• Understand the reseller profit model – it’s nothing like the vendor’s…
  • Provide sales training that focuses on selling, not speeds and feeds
  • Help resellers build your technology into solutions that drag other product areas within that reseller
  • Learn about marketing and help/support VAR marketing efforts
  • Clarify how deals are protected from direct reps and competition
  • Don’t over distribute which hurts the street price
  • Remember that GP is what matters – not revenue.

Resellers, VARs, Solution Providers, and Channel Managers – this is an important lesson on the profitability of services.  While your (or your partner’s) services may be very profitable, they may not be as profitable as they seem.  As the market has commoditized, I’m seeing far more short product/install contracts…less consultative, long term engagements.  This is particularly  true in the mid and smaller markets. What is the result.

Listen and see how calculations on profit, gross profit, and net profit are sometimes confusing.  To the sales rep, all GP is good – you get paid, right?  To the person with P&L responsibility, the numbers don’t always add up…I frequently run into people who initially think they have strong services margin.  When I show them how to calculate it, we find profits to be much lower apart from the product sales.

© David Stelzl, 2010

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How are resellers showing an ROI on managed services deals in order to sell them?  (If you are in channels, I’d be interested in hearing what you are seeing from your partners as well).  Here are some observations along with a White Paper I have written on using assessments to accelerate sales cycles by providing justification to the buyer through risk.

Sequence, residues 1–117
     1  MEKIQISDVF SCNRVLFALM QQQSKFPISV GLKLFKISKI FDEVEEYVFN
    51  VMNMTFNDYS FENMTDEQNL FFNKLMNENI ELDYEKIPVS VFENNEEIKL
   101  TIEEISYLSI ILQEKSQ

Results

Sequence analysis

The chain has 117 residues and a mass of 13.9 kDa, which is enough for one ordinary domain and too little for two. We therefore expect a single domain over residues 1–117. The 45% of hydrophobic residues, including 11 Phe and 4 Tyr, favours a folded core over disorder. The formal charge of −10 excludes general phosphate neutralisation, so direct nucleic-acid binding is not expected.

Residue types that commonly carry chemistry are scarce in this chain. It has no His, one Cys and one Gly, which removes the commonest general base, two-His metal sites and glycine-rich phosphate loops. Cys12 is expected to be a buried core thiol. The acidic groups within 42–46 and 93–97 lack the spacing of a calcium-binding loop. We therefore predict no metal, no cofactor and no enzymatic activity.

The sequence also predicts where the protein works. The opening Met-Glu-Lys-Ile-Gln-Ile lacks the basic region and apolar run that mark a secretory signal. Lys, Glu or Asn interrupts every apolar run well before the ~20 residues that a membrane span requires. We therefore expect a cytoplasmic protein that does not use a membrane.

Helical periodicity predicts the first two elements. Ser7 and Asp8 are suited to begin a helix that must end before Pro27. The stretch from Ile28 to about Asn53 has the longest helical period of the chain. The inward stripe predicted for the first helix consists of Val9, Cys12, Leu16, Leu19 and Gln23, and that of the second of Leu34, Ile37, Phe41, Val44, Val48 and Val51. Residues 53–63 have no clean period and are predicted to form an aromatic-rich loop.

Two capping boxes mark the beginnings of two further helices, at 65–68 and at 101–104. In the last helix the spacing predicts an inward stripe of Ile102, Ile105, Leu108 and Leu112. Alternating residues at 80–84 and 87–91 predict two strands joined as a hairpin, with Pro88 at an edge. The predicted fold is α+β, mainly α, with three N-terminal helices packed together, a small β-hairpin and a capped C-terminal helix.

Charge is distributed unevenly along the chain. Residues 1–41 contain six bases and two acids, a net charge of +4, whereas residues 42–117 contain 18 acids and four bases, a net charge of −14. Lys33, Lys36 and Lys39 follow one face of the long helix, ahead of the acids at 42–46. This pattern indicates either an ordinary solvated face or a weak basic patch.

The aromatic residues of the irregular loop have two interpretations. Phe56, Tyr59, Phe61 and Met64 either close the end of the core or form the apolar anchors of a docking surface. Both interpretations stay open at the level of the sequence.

WHITE PAPER: (click and download the Assessment document)

  1. Differentiation and closing the deal seems to have little bearing on the platform; Nable, Zenith, LPI, Kaseya,…some are  better than others technically, but none are great.  The differentiation seems to be in the offering and services provided locally more than the platform.  The better implementations are largely customized and target only small and mid-market opportunities.  After that it’s custom or OEM’d.
  2. Companies that try to show an ROI simply invite an audit of past service calls.  This leads to long sales cycles.
  3. The initial offering may look promising, however once the reseller’s current customer base has been exhausted, sales plateau.  New customers are needed…but hard to find.
  4. Small businesses won’t sign up for monitoring unless the seller can show some kind of justification.  Often they can not.
  5. Reporting is poor among most platforms – the client doesn’t receive much value here.  Trying to creating quarterly value is often a struggle leading to resellers putting their SE’s on site to demonstrate value.  This is done without an accurate counting of the opportunity cost, and is often the thing that makes the monthly contract unprofitable (something generally hidden in the financials.)

Personally I have found that assessments work as deal accelerators (when they focus on risk analysis) – we’ve done them in every sized account; some complementary, others for a fee.  The deal is closed when justified by demonstrating a high likelihood of loss.  What are you seeing?  I’d love to hear your comments on this and the white paper!  If it’s helpful, feel free to pass it on.

© David Stelzl, 2010

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If you are reselling technology your business may be headed for trouble.  Don’t expect an economic recovery without taking steps to change your approach to the market…find out why in this video.  In this video I speak candidly to small and mid-sized resellers about market trends and what factors play into future growth and stability.  It’s a sobering message.